"Friedman's false flat earth history then enables him make two big leaps - results of coercive, undemocratic "free trade" treaties are reduced to achievements of information technology and corporate globalisation and corporate control is presented as the collaborations and competition between individuals. The WTO, World Bank and IMF disappear, and the multinational corporations disappear. Globalisation is then about technological inevitability and individual innovativeness, not a project of powerful corporations aided by powerful institutions and powerful governments.
Neither e-commerce not walmartisation of the economy could take place without the dismantling of trade protections, workers protections, environmental protections. Technology of communication do not make long distance supply of goods, including food products cheaper than local supply. Low wages, subsidies, externalisation of costs make Walnut cheap, not its information technology based supply chain management.... Friedman presents a 0.1% picture and hides 99.9%. "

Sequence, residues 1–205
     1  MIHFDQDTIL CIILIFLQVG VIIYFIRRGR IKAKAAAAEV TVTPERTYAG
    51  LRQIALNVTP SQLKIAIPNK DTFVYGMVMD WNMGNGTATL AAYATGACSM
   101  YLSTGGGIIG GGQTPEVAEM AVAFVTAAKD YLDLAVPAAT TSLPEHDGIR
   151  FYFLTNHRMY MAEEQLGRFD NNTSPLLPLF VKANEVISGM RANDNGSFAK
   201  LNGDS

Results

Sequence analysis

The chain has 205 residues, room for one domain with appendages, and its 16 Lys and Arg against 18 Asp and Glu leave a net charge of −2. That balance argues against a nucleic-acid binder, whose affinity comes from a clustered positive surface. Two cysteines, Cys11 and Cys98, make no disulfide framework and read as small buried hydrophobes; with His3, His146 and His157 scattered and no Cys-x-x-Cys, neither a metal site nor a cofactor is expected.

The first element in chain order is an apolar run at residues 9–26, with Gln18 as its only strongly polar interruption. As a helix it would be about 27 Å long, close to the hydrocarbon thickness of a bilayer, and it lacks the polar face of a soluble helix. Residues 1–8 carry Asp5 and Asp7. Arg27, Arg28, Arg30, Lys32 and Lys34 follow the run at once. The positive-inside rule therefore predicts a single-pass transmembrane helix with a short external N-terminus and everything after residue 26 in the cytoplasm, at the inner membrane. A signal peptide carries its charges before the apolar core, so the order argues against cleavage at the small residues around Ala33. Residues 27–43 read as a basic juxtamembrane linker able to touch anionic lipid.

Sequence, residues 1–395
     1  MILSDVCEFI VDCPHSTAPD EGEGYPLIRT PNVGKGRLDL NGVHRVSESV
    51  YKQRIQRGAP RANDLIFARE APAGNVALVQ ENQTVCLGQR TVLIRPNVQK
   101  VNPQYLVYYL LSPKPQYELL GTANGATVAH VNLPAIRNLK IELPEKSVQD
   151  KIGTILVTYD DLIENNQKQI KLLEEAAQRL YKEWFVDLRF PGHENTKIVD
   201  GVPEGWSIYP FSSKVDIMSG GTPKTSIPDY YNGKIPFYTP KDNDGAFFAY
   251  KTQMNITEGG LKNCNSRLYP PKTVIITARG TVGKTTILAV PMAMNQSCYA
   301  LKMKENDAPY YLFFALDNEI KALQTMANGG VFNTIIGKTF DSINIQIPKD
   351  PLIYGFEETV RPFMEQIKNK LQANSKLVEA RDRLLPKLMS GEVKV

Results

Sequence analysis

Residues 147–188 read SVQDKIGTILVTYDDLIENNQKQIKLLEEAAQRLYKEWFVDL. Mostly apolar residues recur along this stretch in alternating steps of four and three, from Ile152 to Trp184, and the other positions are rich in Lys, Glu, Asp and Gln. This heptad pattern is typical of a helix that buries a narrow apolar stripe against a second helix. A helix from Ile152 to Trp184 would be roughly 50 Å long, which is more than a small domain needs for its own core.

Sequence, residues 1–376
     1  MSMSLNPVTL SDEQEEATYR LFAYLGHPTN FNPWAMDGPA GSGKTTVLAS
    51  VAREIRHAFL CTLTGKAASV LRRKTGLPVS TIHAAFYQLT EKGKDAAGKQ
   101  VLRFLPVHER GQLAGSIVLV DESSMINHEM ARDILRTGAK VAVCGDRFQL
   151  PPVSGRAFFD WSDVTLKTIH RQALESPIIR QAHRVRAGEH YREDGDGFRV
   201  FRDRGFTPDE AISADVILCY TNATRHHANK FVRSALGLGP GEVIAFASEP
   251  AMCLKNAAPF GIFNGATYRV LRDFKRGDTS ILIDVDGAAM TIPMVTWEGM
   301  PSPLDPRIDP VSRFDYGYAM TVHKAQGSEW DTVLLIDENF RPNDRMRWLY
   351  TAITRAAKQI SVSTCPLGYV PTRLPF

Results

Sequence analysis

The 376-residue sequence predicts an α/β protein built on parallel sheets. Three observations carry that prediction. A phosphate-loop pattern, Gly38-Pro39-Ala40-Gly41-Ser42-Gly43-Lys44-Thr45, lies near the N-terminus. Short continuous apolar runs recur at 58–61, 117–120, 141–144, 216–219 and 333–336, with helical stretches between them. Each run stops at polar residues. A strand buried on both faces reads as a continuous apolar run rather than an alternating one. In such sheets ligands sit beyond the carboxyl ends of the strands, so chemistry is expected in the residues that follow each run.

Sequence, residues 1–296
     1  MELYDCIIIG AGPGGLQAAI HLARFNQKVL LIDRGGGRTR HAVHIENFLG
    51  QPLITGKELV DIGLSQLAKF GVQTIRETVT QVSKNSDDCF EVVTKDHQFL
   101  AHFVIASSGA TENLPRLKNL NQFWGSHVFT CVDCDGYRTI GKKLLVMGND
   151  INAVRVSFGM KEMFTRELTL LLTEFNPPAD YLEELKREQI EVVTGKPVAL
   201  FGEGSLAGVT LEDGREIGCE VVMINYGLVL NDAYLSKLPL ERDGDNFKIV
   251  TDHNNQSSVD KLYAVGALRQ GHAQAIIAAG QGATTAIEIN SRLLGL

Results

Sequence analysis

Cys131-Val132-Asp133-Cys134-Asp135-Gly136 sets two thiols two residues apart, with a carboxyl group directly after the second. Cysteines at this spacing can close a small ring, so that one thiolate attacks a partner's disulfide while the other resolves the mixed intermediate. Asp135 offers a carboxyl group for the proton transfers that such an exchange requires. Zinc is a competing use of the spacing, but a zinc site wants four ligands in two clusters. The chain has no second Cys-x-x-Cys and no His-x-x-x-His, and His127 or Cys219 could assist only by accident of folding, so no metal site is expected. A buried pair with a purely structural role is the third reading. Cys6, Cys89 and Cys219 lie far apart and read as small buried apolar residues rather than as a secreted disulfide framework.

She says it better than I do: The whole review is at:



Posted by: Andrew Curry at November 30, 2005 06:23 PM


Thanks for a review that's refreshing and right on target. I read Friedman for the same reason many people read Friedman, i.e. because he's an entertaining opinion leader who many in (or close to) power actually seem to listen. That doesnt mean he's right, and in fact his coverage of Iraq and the Middle East as NY Times columnist was dead wrong. He reminds me of many parochial friends in New York who travel much and learn far too little.